Theatrical release poster from 1933
|Produced by||Joe Rock
E. W. Hammons
|Written by||Forrest Izard|
|Narrated by||Graham McNamee|
|Edited by||Forrest Izard|
|Distributed by||Fox Film Corporation|
Krakatoa is a 1933 American Pre-Code short documentary film produced by Joe Rock. It won the Academy Award in 1934 for Best Short Subject (Novelty). Educational Pictures (or Educational Film Exchanges, Inc.) was the film distributor of the film.
This film was notable for overwhelming the sound systems of the cinemas of the time. In Australia, the distributors insisted on a power output of 10 watts RMS as a minimum for cinemas wishing to show the film. This was then considered a large system, and forced many cinemas to upgrade. A revised version was made in 1966 for the Library of Congress.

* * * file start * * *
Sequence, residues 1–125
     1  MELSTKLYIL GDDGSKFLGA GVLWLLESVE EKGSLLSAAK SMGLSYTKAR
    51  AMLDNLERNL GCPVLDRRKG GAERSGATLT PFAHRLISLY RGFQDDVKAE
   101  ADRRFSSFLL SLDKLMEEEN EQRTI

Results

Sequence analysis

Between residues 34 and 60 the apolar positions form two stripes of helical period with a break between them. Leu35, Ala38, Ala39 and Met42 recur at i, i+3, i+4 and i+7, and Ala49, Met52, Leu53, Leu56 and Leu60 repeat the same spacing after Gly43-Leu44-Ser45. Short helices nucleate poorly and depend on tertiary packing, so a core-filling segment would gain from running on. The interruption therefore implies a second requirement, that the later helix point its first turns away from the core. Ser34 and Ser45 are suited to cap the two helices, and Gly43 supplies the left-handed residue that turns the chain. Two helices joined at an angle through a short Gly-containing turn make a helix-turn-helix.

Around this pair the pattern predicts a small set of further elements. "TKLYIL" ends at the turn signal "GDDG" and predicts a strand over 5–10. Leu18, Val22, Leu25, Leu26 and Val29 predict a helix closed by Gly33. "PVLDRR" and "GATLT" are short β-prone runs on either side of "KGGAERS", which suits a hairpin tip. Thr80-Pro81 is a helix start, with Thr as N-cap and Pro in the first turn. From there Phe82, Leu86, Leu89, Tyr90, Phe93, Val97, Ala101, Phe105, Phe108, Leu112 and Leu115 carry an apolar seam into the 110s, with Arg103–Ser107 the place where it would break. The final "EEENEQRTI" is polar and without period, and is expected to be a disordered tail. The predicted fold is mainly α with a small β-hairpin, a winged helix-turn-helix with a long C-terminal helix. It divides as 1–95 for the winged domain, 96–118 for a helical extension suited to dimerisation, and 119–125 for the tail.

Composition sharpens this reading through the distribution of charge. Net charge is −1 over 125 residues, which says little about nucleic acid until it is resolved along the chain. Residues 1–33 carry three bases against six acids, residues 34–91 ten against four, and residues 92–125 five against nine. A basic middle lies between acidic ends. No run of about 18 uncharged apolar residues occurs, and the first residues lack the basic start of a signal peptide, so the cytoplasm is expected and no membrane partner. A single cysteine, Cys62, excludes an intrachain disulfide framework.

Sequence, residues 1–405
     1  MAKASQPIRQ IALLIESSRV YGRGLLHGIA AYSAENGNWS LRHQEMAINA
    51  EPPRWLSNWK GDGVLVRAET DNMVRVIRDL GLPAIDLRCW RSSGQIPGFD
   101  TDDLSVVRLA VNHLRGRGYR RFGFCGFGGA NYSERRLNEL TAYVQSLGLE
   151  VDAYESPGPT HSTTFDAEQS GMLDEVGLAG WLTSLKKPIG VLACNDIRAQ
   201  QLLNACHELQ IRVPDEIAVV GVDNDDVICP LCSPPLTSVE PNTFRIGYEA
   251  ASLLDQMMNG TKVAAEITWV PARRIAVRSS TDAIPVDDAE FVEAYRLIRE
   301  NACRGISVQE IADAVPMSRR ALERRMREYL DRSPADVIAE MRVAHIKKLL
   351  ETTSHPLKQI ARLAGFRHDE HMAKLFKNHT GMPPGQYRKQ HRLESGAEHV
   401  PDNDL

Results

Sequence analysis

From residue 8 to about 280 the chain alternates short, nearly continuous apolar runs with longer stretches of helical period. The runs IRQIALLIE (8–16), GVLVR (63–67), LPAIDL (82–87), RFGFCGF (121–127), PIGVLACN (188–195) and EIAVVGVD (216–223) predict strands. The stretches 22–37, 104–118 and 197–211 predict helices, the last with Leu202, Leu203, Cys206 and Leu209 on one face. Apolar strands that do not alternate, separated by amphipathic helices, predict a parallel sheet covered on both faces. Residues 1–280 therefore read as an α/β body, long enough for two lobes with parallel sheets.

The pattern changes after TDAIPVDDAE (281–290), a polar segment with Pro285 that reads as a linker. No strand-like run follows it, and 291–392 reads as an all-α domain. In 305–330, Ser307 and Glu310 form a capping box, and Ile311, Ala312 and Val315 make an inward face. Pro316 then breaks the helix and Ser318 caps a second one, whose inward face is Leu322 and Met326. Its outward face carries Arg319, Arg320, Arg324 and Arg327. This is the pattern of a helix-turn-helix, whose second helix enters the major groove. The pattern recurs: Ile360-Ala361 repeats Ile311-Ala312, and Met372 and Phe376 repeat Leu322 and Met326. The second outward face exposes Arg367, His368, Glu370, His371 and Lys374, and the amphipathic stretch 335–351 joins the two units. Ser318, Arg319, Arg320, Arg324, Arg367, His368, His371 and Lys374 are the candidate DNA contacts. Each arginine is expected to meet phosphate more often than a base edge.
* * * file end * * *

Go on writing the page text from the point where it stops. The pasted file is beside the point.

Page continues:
The story describes how the 1883 eruption of Krakatoa on the island blew half of the large island into the air that produced a tsunami, and an air wave that was felt seven times around the globe. The eruption also emitted tons of dust that dimmed the sun all over the world for many months.
- "The 6th Academy Awards (1934) Nominees and Winners". oscars.org. Retrieved 2012-02-04.
|This article about a historical documentary film is a stub. You can help Wikipedia by expanding it.|